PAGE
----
Dr Jayne Archer, Prof. Howard Thomas, Prof. Richard Marggraf Turley, Aberystwyth University
Although their terminology may have differed, former ages were acutely aware of the importance of food security. Incorporating land ownership and management; food purity and processing; the integrity of the food chain; and issues of distribution and pricing, food security has been the focus of public policy in England (later Britain and the UK). It has also been central to the English literary tradition, informing both the evolution of its language and metaphors and the development of genre and narrative. Despite this, it is often assumed that ‘elite’, canonical writers such as Chaucer, William Shakespeare, John Keats, Charles Dickens and George Eliot knew relatively little about the worked land and that their representations of plants, weeds and the environment are confected abstractions recycled from earlier writers.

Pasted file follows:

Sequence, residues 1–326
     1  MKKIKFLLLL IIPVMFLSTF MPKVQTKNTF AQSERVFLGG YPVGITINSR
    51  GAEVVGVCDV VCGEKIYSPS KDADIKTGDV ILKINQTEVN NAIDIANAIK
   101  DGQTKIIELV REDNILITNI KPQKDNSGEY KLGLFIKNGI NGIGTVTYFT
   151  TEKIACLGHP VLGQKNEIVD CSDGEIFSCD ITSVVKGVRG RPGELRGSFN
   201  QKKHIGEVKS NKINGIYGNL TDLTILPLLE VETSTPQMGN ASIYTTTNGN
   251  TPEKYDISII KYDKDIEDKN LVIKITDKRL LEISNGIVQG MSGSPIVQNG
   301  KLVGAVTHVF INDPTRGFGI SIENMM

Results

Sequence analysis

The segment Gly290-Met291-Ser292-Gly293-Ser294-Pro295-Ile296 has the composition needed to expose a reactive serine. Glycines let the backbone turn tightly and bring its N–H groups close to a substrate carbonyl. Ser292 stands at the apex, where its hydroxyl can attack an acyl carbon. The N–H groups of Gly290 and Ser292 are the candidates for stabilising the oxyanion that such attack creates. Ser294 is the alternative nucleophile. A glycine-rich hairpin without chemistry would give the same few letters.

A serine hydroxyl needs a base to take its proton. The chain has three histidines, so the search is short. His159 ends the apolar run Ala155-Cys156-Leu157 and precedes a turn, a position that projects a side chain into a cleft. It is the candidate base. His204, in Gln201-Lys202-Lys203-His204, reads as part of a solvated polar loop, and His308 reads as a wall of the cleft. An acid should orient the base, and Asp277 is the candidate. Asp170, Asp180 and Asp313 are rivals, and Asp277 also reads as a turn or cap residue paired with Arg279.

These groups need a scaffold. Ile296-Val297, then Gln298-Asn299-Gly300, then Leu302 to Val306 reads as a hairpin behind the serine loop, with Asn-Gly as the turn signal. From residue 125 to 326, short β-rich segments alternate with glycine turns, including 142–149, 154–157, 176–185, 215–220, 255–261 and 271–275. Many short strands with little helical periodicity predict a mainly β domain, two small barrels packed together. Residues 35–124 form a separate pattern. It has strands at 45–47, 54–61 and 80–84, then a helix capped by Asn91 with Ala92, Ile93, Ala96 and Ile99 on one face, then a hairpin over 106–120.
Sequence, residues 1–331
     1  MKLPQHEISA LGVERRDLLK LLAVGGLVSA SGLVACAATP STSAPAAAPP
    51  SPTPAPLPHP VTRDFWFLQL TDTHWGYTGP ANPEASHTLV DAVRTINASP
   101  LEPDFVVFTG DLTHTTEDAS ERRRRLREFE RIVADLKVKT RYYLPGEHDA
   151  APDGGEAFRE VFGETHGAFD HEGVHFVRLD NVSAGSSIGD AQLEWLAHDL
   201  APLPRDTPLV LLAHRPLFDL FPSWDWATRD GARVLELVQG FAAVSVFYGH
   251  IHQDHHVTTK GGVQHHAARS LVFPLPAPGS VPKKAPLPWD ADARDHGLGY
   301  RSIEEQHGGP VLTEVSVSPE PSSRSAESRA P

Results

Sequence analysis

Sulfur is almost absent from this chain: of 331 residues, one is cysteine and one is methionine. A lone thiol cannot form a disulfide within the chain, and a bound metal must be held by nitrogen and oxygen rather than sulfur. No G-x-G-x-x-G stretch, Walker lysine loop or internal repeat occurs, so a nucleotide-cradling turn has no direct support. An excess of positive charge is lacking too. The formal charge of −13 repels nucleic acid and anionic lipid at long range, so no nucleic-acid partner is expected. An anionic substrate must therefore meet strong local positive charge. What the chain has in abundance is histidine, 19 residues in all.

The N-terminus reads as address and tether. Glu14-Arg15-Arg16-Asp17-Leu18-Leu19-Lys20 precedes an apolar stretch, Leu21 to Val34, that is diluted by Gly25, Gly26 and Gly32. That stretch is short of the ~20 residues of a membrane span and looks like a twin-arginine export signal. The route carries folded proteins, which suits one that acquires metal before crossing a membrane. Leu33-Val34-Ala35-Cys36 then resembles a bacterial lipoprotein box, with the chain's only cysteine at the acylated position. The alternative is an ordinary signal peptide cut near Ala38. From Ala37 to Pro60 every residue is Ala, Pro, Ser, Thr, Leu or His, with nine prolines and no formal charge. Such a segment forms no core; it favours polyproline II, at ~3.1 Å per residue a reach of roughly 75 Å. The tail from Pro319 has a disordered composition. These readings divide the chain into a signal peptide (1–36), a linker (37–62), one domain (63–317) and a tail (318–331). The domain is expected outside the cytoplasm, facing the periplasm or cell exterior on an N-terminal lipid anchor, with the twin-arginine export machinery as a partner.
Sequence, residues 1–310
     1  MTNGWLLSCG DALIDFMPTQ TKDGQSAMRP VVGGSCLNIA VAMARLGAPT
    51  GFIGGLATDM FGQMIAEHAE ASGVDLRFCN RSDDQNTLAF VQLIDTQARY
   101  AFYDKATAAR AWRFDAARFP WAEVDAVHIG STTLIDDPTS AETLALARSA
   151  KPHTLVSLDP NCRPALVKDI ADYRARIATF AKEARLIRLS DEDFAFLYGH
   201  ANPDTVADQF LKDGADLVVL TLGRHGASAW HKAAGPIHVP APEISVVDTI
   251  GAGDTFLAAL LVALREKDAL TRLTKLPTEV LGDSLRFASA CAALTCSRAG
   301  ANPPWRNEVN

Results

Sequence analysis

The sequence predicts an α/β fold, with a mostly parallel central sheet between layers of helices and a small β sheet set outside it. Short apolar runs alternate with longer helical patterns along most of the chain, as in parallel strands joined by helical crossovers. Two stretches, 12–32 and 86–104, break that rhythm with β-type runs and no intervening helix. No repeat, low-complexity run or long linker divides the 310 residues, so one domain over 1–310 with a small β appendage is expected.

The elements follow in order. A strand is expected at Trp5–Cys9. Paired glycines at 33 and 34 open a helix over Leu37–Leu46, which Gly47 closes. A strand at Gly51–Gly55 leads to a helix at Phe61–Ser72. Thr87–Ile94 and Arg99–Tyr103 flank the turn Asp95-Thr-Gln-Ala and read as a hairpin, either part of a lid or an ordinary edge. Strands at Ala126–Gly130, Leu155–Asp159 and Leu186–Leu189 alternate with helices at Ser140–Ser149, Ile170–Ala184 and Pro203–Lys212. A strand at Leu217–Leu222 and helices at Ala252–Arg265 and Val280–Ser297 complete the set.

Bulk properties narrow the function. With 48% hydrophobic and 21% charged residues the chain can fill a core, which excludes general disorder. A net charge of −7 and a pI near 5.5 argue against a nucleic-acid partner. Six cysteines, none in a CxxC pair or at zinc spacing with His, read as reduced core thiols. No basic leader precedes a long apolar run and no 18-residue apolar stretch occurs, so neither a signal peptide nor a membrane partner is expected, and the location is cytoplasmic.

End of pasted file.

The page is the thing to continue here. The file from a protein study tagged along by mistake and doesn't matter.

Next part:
Charles Dickens has provided the Western world with some of its most potent, emotionally-charged images of food consumption and distribution. Although Dickens’s association of food provision and feasting with love (especially familial love) is especially memorable, he also treats food politics and food security with a forensic and unsentimental vision. Oliver Twist’s seemingly simple request for more food is far from mawkish; it announces his understanding of the process by which the state starves those it claims it cannot afford to keep alive, together with his refusal to be a passive, silent victim of this economy. Significantly, Oliver’s intervention is perceived as a capital offence: he is put into solitary confinement and warned that one day he will be hung. For Dickens, then, food is political: it is embedded in concepts of justice and its administration, socio-economic relations and civic order. Focusing on Barnaby Rudge (1841) and A Tale of Two Cities (1859), this paper argues that civic disobedience in the form of the food riot plays a central role in Dickens’s analyses of revolutionary politics. In these novels, public insurrection – the Gordon Riots (1780) in Barnaby Rudge and the French Revolution (1789) in A Tale of Two Cities – is shown to be the consequence of contaminated food supply and inequities in food distribution. In the later novel, we argue, the revolutionary energies of the people of St Antoine are associated with the citizens’ physical intoxication with ergotism (‘St Anthony’s Fire’), a condition resulting from consumption of ergotised rye. Although their professed objectives differ, the rioters in Barnaby Rudge suffer similarly disordered and self-destructive appetites, and they exhibit many of the same physical symptoms, including choreomania, loss of control over physical movements, rage, enflamed skin and limbs, self-immolation and over-consumption of food and alcohol to the point of death. The London rioters, who are drawn from the socially disenfranchised and rootless, are identified with arable weeds and their march on urban centres of power is figured as nature re-appropriating its produce on behalf of those involved in its production. Their meeting place, a cellar formerly used for food storage, is infested with endophytic fungi similar to those described in an article published by Dickens in his periodical All the Year Round; according to the article, which also describes symptoms of ergotism, those who ingest the spores suffer ‘convulsion is all their limbs, followed by that sort of raving which accompanies a burning fever’, to the point of ‘suicide … or any other dreadful crime’. Dickens’s detailed examination of the relationship between food security and popular unrest reveals concerns strikingly similar to those we face in the early-twenty-first century. Attending to food politics in the work of past writers such as Dickens is important, not simply for the experiential and traditional knowledge they record – knowledge we have neglected or forgotten – but because the arts, through which imaginative responses to the challenges we face can be addressed most powerfully, is a crucial component to any successful approach to food security in the present.